The Courier News from Blytheville, Arkansas on January 25, 1956 · Page 14
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The Courier News from Blytheville, Arkansas · Page 14

Blytheville, Arkansas
Issue Date:
Wednesday, January 25, 1956
Page 14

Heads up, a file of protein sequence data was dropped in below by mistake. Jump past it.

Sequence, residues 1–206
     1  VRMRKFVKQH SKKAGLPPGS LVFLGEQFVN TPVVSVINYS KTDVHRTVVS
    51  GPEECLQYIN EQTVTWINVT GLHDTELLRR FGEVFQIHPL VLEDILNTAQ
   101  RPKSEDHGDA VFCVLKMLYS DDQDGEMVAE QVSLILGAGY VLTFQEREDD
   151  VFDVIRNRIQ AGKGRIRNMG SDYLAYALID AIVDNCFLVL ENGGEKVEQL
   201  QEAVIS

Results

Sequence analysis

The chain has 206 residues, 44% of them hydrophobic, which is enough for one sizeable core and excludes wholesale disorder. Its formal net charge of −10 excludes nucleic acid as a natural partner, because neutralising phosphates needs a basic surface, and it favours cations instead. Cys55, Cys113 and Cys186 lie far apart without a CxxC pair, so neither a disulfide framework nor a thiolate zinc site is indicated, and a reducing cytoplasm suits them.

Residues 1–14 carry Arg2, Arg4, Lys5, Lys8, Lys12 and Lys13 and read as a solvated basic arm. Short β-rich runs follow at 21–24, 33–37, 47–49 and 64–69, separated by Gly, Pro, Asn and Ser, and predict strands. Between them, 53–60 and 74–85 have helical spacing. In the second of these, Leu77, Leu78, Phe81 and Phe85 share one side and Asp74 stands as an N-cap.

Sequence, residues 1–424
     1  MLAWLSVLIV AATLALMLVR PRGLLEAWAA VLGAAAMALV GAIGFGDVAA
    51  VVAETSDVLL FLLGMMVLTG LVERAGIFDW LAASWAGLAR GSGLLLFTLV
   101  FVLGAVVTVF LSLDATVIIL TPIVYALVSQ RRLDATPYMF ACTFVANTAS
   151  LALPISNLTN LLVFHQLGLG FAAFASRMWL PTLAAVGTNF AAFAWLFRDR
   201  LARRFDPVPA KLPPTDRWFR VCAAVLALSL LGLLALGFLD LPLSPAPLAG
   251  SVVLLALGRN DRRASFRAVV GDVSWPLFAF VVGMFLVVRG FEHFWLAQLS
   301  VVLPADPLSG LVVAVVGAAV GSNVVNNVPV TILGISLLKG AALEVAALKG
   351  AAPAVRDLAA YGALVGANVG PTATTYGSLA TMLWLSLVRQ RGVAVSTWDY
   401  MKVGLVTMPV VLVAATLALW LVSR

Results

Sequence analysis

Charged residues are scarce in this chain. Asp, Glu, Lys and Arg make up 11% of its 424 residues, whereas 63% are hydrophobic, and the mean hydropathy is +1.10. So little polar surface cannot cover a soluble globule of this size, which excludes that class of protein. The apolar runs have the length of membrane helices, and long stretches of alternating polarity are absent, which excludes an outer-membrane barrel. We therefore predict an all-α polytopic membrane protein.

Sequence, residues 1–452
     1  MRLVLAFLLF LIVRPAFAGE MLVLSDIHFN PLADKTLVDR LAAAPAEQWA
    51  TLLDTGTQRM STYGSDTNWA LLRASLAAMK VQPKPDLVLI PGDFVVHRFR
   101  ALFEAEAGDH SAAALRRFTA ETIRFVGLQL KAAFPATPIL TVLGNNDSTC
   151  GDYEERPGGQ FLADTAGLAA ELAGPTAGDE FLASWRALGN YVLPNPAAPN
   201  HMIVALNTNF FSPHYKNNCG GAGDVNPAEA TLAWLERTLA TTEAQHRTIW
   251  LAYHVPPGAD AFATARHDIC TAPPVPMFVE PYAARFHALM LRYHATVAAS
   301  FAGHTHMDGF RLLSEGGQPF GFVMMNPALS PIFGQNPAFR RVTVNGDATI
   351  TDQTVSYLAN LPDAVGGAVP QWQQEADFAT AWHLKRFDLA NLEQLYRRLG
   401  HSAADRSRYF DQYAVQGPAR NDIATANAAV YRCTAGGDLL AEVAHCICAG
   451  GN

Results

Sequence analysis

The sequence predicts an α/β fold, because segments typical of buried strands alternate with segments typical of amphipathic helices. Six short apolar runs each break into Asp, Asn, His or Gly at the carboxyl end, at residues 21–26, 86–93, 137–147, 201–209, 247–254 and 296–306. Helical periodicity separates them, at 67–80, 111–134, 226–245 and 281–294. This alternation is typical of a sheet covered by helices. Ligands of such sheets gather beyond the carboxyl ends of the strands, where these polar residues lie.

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(ARK.)' COURIER NEWI . JAMTJART M, Kefauver Says GOP Leading Farmers To Brink of Bankruptcy By ARTHUR BYSTROM LA CROSSE, Wis. (AP) — Sen. Kefauver (D-Tenn) said last night, that the Republican administration "is leading the American farmer to the brink of bankruptcy." "• — * The only immediate relief, he said, is the reinstatement of 90 per cent price supports for agricultural products. The Tennessee senator, who captured the entire Wisconsin delegation to the 1952 Democratic N" Commodity And Stock Markets- tional Convention, started his campaign for the state's 28 delegate votes this year with an address to about 300 Democrats. The speech, first of five he plans Mou, Y/»»lr fnttnii in three days, was devoted en- New York UjHon to farm problems and what Mar ........ 3449 3459 3419 3457 0Jontende(J ms the adm j nlstra . May ........ 3385 3395 3385 3394 ^^ failure to do anything about th New York Cotton 3099 3112 New Orleans Cotton Mar 3453 3454 3452 3452 May July • 3270 3283 3270 Oct : 3109 3115 3109 lelU. Earlier, at a news conference, he said emphatically that he had no intention of withdrawing from . „,.,., -<... the April 3 Wisconsin primary race . 3388 3397 3386 3397 j n the event Adlai Stevenso de- 3280 3114 Chicago Wheat Mar .... SMV4 209% 209 May .... 206y 8 206Va Chicago Corn Mar .... 129% 129% May .... 133V4 133% Mar .... 246 246% May .... 248'/ 2 3491/4 July .... 248% 248% Sept .... 240% 241 205% 12954 132% 246 248V4 247% 240 209% 20574 129 "4 133 246% 249 248 li Chicago Soybeans New York Stocks A T and T 180 Amer Tobacco 80 1-4 Anaconda Copper 69 Beth .Steel 1J 8 !- 8 Chrysler **} Gen Electric 547-8 Gen Motors ** Montgomery Ward 88 3-1 N Y Central *1 Int Harvester 37 Southern Pacific 53 • Republic Steel 45 1-2 Radio 44 Socc-ny Vacuum 66 Standard of N J 146 1-8 Texas Corp 1U.UU-I3, 1ICHV1C1 avwa J.i^-iu.uu, Texas Corp ,, ,1 boars over 250 Ib 6.00-7.00; lighter Senrs ™ '"" weiehLs 7.50-8.00. TJ S Steel 54 5-S Livestock weights 7.50-8.00. Cattle 2,800, calves 500: few opening sales and bids on steers vesoc and heifers about steady at week's NATIONAL STOCKYAKDS, 111., 50-1.00 decline; other classes all (.fl—USDA— Hogs 8,500; trading ac- steady; scattered loads and lots live; barrows and gilts 180 Ib up to good and choice steers 16.75-19.50; 75 to mostly 1.00 higher than yes- on lot choice mixed yearlings terday's average; spots up more 20.00; utility and commercial cows on weights over 230 Ib; lighter 11.00-12.00 largely; occasional sales *ir n irrV<tc. K/\_I nn Mrrha*.. enure R(1.7Fi pnmmnrniBl [lows 12.25-50; most til on weights over 230 Ib; lighter 11.00-12.00 largely; occasional saie •weights 50-1.00 higher; sows 50-75 commercial cows 12.25-50; moi higher; bulk mixed TJ. S. Nos. 1, 2 canners and cutters 8.00-10.50; utii- and 3, 180-230 Ib 13.25-14.00; about ity and commercial bulls 12.50125 head mostly No. 1 some No. 2 14.50; most good and choice veal- nrni.nrt KK-925 Ih 14.25' hizhest ers 22.00-28.00; occasional sales Ib 12.2543.76; few mostly Nos. 1 cides to enter it. Considering Minnesota He also said he was considering entering the Minnesota primary March 20, even though he had been advised by Sen Humphrey, Democrat of that state, not to run there. In his address, interrupted frequently by applause, he quoted from 'Department of Agriculture figures which he said showed that farm income had dropped four billion dollars from 1952 to the end of 1955. "Obviously," he said, "this is another 'brink' policy of the Eisenhower administration. "While Secretary Dulles brags about leading the nation to the •brink' of war and then miraculously pulling it back, the administration and Secretary Benson are leading the American farmer to the brink of bankruptcy. . . . "I am convinced that the only immediate relief for the farmer will come from a reinstatement of 90 per cent price supports." and 1 around 230 Ib 14.00; 3Ti)-350 Ib mostly Nos. 2 and 3, 11.25-12.50; 140-170 Ib 12.00-13.25; few 110-140 Ib 10.75-12.25, sows 460 Ib down 10.00-75; heavier sows 9.25-10.00; around 195-225 to 14.«; mgnesi ers /^.uv-^o.uu, uuuaaiuuii =aica since Nov. 11; mixed grade 230-270 high choice and prime 30.00-32.00; lh 17M..13 IS- f»«r NOK. 1 lltilitv to lOW ZOOd kinds 12.00-22.00. DINNER DATE—"Pinky." the cat, has "Dotty," the parakeet for dinner— as a guest, not .as the main course. Both are pets of the Willard Loo family of Milwaukee, Wis. They get along fine, occasionally sharing a bowl of milk. JAMES ALBERT CABLE Arkansas Fuel OH Corporation — Blythevillc, Ark. Phone rOplar 3-6919 Cilies Service Petroleum Products .y friends in and around BlythCTille, that Cities Service Station 166 S. Division—Next Door to The Razorback Phone POplar 3-9921 , TIRES—TUBES—BATTERIES—ACCESSORIES .FREE—This Month Only—FREE. A T«b» Will Be Given Free With Every New Tire gold D«r- tut thi Month of January. Wr Fix FUll, Wash and Lubricate Ilond Senlre — 1'irKup >nd Delivery •ILL and EUGENE CABLE Obituary A R M O R E L QUEEN — Patty Dunham, daughter of Mr. and Mrs. Aaron Dunham, was crowned homecoming queen of Armorel High School in a between-games ceremony of an Armorel-Gosnell doubleheader. Miss Dunham ,is a senior at Armorel. (Courier News Photo) !KE (Continued from Page 1) said he sincerely believes that his request for authority to make long-term foreign aid commitments is in the best interests of the United States. He added that he is going to stand by that request as long 1 as he feels he has a chance to get it through Congress. Eisenhower also said he believes there has been some misunderstanding* regarding that request in Congress, where such influential lawmakers as Chairman George (D-Ga) of the Senate Foreign Relations Committee, and Senate GOP Leader Knowland (Calif) have voiced opposition. * * * SCHOOL PROGRAM — Regard- in 'proposals in Congress to write an anti-segregation amendment into the administration's school co- struction bill, Eisenhower said, as he did last June on a related matter, that in general he is against amending legislation in that way. He said he believes that nothing should be written into the bil which would delay the school construction program. That would confuse the issues, he said. The President added emphatically that the Supreme Court's desegregation ruling must be implemented, but he noted that the court Itself called for gradual implementation. TAXES - Eisenhower said that goodness knows he is anxious to have taxes reduced. But he repeated what he has said before— that he sees no prospect for, a cut at this time because of the slim surplus the government anticipates in budgets for both this fiscal year, ending June 30, and next year Eisenhower called • again for some payment on the big national debt before ay tax reduction. FARM — Told there have been assertions that the administration's farm program has been a failure, Eisenhower replied that all farm programs since the end of World War n have not succeeded in bringing farmers a fair share of the national income. But he expressed confidence that his program, when it has had sufficient time to operate, will help assure family size farms of'an adequate income. MIDDLE EAST — Asked about Ed Hatcher, 81 Succumbs Here Ed Hatcher, 81, life-long resident of the Blytheville area, died here last night. Surviving is a brother, Mart Hatcher of Humble, Tex. Services will be conducted at two o'clock tomorrow afternoon at Cobb Funeral Home chapel, Rev.. T. J. Richardson officiating. Pallbearers are Tom Grives, Charley Stromcyer, Walter C. Maxwell. Roy Crawford, Jack Moody and Burl Grimes. Burial will be in Dogwood Cemetery. Steele Drive Freed of Charge CARUTHEBSVILLE— Pred Burns, Steele cab driver, has been freed of a robbery charge after preliminary hearing in Perni- scpt County Magistrate Court. After a change of venue from Judge Sam Corbett, Judge H. C. Walker of Kennett presided. Judge Walker discharged the case because of lack of evidence. JACKSON (Continued from Page 1) end of a term over the amount ot founds on hand at the beginning of each term. This kind of a report naturally thrills and warms the heart of a man who tries to represent a vast number of people, in a business-like manner, as I was doing, as your mayor. "In closing this, I would like to say 'thank you' to each and even- one of my friends and loyal supporters, who have made my tenure in office as your mayor, a distinct pleasure. "In the future, as in the past, I shall expect to stand for those things which are good for our city and will never hesitate to speak out against those things which, in my humble opinion, will retard Its progress. "I wish the present incumbent every success possible, and hope that, by his efforts as mayor, that Blytheville will maintain her present high standing as a city, and will continuously progress; and if, at any time, I may be of any assistance in any capacity, in the betterment of the city, I will consider it an honor to be commanded." Program Change Was Necessary ST. LOUIS ffl—About 900 patrons awaited the performance of the suburban Webster Groves community concert series, but where was Mildred Miller, mezzo-soprana of the Metropolitan Opera? Why, she was at her home in Arlington, Va., and had a contract to prove she had signed for a later date. But what about violinist Michael Rabin, billed on the programs for the date claimed by the singer? A further check of the contracts showed he actually had and the programs revised. prospects for a common U. S.- British policy toward the Israeli- Arab dispute, Eisenhower replied that he always has taken the position—even before his nomination and election — that the United States must be a friend to both sides and cooperate in trying to ease the tension in that area. British Prime Minister Sir Anthony Eden is arriving here next Monday for conferences with Eisenhower and the expectation is that the Middle East situation will be discussed thoroughly. A Moral To Remember Twas the Middle of Winter AND MANY FORGOT TO WINTERIZE FROZEN MOTORS CARS WOULDN'T START TEMPERS WERE HIGH But it's not loo late to have it Winterized now. Here's what we will do: 1. Flush cooling system; check hose connections, thermostats, and anli-freeze, permanent guaranteed rust proof replaced if lost. 2. Flush transmission and differential and refill with winter grease. 3. Flush crankcase and refill with winter oil; lubricate chassis. 4. Test battery; clean connections; check lights. Clean or replace air filters; inspect tires; check 5. windshield wipers. PHILLIPS MOTOR CO. 300 Broadway Phon« 3-4453 THIS ONE'S FOR REAL G!cn City School students at Santa Paula, Calif., don't need any more toy jet airplanes. They've got a real one, right in their own school yard. It's a surplus, obsolete Republic F-84B, Thunder jet, minus its powerplant. Presented to the school by the Air Force, tnejet is serving two purposes. When it's-not in use as on-educatiuiiul aid, it'^ used as nail of a novel slid ing board. These kids are climbing into the jet on one side, then sliding down on the other. Calvary Begins Revival Series Revival services begin tonight at Calvary Baptist Church at 7:30. Services will continue through Feb. 5 each evening with the pastor the Rev. Carl H. Johnson, acting as evangelist. A. B. Byrum of Charlotte, Ark., will be song leader. He recently Negro Church at Dell Completes Fund Drive Dell's Negro First B. a p t i s t Church has completed its fundraising drive and has a total of has led songs at revivals in West Virginia and Texas. The Rev. Mr. Johnson will bring a series of messages on the life of Jesus. more than J600 on hand, the pastor, Rev. M. Freeman, said today. "We are indebted to the people who gave to help up repair our church," Freeman said in announcing completion of the campaign. FOB BEAUTY LOVERS First landscaped garden ir America was at Middleton Place on the Ashley river, near Charleston, South Carolina, now a mecca for beauty lovers. Anyone Wont Old Trolley Cor DALLAS (ff) - Bobby Sliger. 20- year-old bank messenger, Is now the owner of a 48-foot streetcar but ha* no place to put it. He won it in £ drawing held by the Dallas Transit Co which gave the streetcar away when it converted to buses thii month. . But Sliger. who has 10 days w> move the trolley off the transit company's property, can't say he wasn't warned. In announcing th« drawing the transit firm said it would cost at least $100 to move the aged street car which Is worth about $100. Prison Has Six Bands JACKSON. Mich. W— When they play "If I Had, Wtogs of an Angel" at Southern Michigan Prison, it's liable to come out in any of six arrangements. The prison has six bands— a 40- piece concert orchestra, a 16-piece dance band, -t dixieland band and_ a progressive jass bano of 10 pieces, an eight-piece hillbilly group and a seven-man polka band. Prison officials say it helps to ease tension for players and listeners alike. The bands include professional musicians and even one man who taught music in public schools for 18 years. The prison also offers music for beginners. Each fall two groups of 35 men each enroll ."n classes where they leam to play the instrument of their choice. Prison officials say it teaches the men to work together. Due to the unusually cold weather our sale will continue through JANUARY 31 There Are Still Plenty of Terrific Values In Fine Quality Men's Apparel. You'll Be Wise to Follow Our Suggestion And Stock Your Wardrobe - - - Seldom Will You Be Presented the Opportunity To Buy Such High Quality Apparel at Such Low Prices HART SCHAFFNER & MARX SUITS Regular 65.00 Values Now Only 49.75 Regular 75.00 Values Now Only 59.75 Regular 85.00 Values Now Only 64.75 HART SCHAFFNER & MARX TOPCOATS Regular 55.00 Values Now Only 39.75 Regular 69.00 Values Now Only 53.75 Regular 75.00 Values Now Only 59.75 Hundreds Of Item Greatly Reduced Throughout Our Store USE YOUR CREDIT! CHARGE IT ON 30, 60 OR 90 DAY TERMS